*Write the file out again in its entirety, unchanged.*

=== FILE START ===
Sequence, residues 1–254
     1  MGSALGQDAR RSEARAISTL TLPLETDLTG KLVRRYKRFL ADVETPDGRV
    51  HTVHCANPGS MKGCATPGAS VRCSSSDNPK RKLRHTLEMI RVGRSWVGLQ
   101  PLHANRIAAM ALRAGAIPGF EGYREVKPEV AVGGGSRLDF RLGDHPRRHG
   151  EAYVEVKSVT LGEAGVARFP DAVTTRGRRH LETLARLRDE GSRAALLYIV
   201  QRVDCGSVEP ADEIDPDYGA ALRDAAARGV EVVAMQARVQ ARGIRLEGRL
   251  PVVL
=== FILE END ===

Sequence, residues 1–254
     1  MGSALGQDAR RSEARAISTL TLPLETDLTG KLVRRYKRFL ADVETPDGRV
    51  HTVHCANPGS MKGCATPGAS VRCSSSDNPK RKLRHTLEMI RVGRSWVGLQ
   101  PLHANRIAAM ALRAGAIPGF EGYREVKPEV AVGGGSRLDF RLGDHPRRHG
   151  EAYVEVKSVT LGEAGVARFP DAVTTRGRRH LETLARLRDE GSRAALLYIV
   201  QRVDCGSVEP ADEIDPDYGA ALRDAAARGV EVVAMQARVQ ARGIRLEGRL
   251  PVVL